It may not be considered the best franchise in the fitness industry, but Anytime Fitness has really gone somewhere nobody else dared to go. To Antarctica. Just because there’s too much ice, doesn’t mean the company's growth has to stop. By opening a studio on the cruise ship Magellan Explorer, the franchise owners can say they have the coolest gym in the world.

(Franchise Direct)

The surest thing in the franchise business is a food and beverage franchise. People may not need to rent a car every day, but they’ll always need to eat.

Franchise fun facts

Every business has a story, and franchises are no different. Some of the more unusual stories come from businesses that became part of the franchising industry. And, like any business, a franchise will need to adapt to overcome hurdles along the way, more often than not influencing its competitors to do the same. From name changes and recipe changes to the most outlandish events in modern business, here are some statistics and very unusual facts about franchising.

  • There are more than 750,000 franchises in the United States alone.
  • Franchises in the US provide employment to more than 8 million people.
  • Of all franchise workers in the US, 50% are employed by quick service restaurants.
  • The McDonald’s golden arches logo isn’t the same everywhere. In Israel’s Tel Aviv, the traditional yellow and red logo was trumped by the blue and white of the Isareli flag to distinguish its kosher restaurants. In Sedona, Arizona, the arches are turquoise to blend in with the local landscape. And in Russia, both the name of the company and its products are written in Cyrilic. 
  • Not only is McDonald’s the largest franchise, it’s very versatile. This fast food franchise adapts its menu to the tastes of different countries. If you visit a McDonald’s restaurant in Japan, you’ll be able to find at least 50 items on the menu unique to this country. At one point, those restaurants offered black burgers that were supposedly delicious despite the unappetizing look.
  • The urban legend about Coca-Cola containing cocaine is real. The original formula that the company founder’s came up with contained two medicinal ingredients: coca leaf extract and kola nuts. It’s difficult to say how much cocaine was used in the formulation of the fizzy drink in the early days. After 1904, the company started using so-called spent leaves that only contain traces of cocaine. Coca-Cola eventually switched to cocaine-free coca leaf extract.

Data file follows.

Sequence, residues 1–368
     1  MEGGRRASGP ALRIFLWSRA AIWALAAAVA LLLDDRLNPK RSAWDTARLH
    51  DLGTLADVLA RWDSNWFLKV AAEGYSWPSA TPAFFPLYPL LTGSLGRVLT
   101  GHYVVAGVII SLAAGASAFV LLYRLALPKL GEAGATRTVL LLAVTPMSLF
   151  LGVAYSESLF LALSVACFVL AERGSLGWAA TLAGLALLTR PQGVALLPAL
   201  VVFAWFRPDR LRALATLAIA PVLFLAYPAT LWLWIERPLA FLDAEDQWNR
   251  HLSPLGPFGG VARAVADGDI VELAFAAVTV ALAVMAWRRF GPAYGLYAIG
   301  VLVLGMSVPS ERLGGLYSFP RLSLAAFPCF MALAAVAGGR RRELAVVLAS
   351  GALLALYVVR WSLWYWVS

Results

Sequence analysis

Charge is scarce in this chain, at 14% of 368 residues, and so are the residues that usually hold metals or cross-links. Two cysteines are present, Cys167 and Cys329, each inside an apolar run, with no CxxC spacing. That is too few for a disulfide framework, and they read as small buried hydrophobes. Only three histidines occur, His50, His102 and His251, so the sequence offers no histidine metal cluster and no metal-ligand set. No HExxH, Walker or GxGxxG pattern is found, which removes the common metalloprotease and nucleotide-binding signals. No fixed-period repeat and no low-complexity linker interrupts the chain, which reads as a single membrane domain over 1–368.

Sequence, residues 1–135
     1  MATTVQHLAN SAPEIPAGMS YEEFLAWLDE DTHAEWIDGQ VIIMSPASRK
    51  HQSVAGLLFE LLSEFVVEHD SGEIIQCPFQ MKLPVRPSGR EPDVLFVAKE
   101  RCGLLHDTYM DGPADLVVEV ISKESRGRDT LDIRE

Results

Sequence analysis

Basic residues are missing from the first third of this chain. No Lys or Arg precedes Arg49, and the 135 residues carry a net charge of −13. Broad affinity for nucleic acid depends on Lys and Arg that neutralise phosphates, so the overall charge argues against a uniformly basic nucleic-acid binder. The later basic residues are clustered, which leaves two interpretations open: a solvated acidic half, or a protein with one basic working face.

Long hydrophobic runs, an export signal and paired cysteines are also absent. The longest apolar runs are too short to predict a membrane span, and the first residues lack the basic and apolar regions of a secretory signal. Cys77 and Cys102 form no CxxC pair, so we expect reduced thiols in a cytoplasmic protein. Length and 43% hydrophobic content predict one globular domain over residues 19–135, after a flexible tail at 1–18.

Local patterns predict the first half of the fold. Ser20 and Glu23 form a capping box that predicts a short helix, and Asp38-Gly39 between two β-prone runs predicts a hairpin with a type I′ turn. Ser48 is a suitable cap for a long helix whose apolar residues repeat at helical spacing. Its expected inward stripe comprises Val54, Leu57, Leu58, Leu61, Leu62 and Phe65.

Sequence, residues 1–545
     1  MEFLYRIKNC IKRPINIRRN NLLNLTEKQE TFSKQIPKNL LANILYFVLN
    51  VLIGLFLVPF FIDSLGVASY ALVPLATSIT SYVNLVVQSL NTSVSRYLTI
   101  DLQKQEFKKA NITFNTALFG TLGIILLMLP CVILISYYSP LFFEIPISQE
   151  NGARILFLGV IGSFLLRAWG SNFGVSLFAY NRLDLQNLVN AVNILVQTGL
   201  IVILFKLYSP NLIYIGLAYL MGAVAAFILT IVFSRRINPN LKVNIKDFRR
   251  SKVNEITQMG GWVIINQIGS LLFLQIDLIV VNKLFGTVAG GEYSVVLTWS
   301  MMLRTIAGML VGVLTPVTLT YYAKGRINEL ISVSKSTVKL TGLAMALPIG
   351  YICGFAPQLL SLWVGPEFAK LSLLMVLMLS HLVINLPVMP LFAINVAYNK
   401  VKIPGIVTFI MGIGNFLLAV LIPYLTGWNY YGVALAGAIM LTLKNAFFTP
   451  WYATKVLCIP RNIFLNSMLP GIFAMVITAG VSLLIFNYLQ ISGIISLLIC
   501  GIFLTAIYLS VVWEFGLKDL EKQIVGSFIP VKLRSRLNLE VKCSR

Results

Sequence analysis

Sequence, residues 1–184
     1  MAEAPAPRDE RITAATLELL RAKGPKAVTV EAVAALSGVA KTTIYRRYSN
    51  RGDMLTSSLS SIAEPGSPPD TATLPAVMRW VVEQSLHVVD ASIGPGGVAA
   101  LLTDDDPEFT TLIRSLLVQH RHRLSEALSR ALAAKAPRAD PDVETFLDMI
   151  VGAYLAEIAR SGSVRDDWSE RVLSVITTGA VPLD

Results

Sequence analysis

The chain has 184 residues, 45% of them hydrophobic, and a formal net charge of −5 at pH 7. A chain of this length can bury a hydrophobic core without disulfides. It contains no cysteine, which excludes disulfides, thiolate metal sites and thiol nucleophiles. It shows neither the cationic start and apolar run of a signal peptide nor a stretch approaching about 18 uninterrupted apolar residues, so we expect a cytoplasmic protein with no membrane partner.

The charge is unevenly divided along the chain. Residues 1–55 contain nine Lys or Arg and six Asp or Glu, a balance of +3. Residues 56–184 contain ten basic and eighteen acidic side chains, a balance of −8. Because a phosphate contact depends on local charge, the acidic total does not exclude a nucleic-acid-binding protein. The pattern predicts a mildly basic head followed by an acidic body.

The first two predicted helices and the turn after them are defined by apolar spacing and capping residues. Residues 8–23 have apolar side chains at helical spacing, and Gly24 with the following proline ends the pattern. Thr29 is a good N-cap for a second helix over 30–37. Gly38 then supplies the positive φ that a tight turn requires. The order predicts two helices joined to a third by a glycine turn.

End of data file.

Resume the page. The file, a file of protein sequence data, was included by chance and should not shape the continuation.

• A well known franchise fact is that a name change can lead to better business. 7-Eleven used to be called Tote’m because some of their stores had Alaskan totem poles at the entrance. The name was changed when the company introduced a new working schedule from 7 a.m. to 11 p.m., seven days per week.
  • The founders of Pizza Hut, Dan and Frank Carney, chose that name because they couldn’t afford more letters for the restaurant’s sign. Some still wonder what the name of the famous pizza place would have been if the founders had more than $600 in their pocket.
  • Some of the Subway franchise facts are quite remarkable. The famous BMT sandwich got its name from the Brooklyn-Manhattan transit system. The company once hosted a fashion show, all of the Subway locations smell the same, and there are 38 million combinations to make a sandwich.
  • Taco Bell was the first fast food restaurant chain offering food certified by the American Vegetarian Association. The company got its certificate in 2015, and now there is a dedicated vegetarian menu available.
  • You can order a burger in more than 250,000 ways at Five Guys. There are that many topping combinations and add-ons.
  • Speaking of Five Guys franchise facts, did you know that former US president Barack Obama is a big fan? In 2011, he was spotted at several Five Guys locations in Washington, DC, ordering lunch for himself and his colleagues.
  • A lot of people have a sweet tooth, especially for doughnuts. Dunkin’ Donuts, for example, serves 3 million customers a day, many of which are subscribers to the company’s coffee delivery service.
  • Since it was founded in 1945, Baskin-Robbins expanded its initial offering of 31 ice cream flavors to more than 1,000. Vanilla is still among the most popular choices.
  • Another interesting franchise statistic was recorded in 2013, when Friendly’s Ice Cream served  794 people at its headquarters. The event made it into the Guinness Book of Records as the “world’s biggest dessert party”.
  • James Monaghan, one of the brothers that founded Domino’s Pizza, could’ve been a millionaire. Instead, he gave his 50% stake in the company to his brother in exchange for a used Volkswagen Beetle. 
  • Kentucky Fried Chicken founder Harland Sanders used to practice law and deliver babies, among many other odd jobs he had before becoming a franchise owner.
  • On the healthier side of franchising facts, Gold’s Gym was among the first companies in the fitness industry to become a franchise. But it wasn’t the original owner Joe Gold that turned it into a corporation we know today. Thanks to Ken Sprague, and later Peter Grymkowsy, the failing business turned a profit, expanding into a franchise with 500+ locations.
  • Steve Kuhnau founded Smoothie King when he concocted a drink that even lactose-intolerant people can enjoy. He named it smoothie.
  • Martha Matilda Harper was not only the first woman in the franchise business, but her hairdressing business was the first commercial franchise of its kind. Each of the salons were run by a woman, and Harper ended up opening 500 locations across the country.

 

Frequently Asked Questions
How much money do you make owning a franchise?

There are many factors that determine how much money you’ll be able to make from taking up a franchise. So far, the food and beverage business has shown to have the highest potential for turning a profit, with an average annual income of $120,000. It also helps if you own multiple units. The initial investment might be higher, but so will your franchise revenue.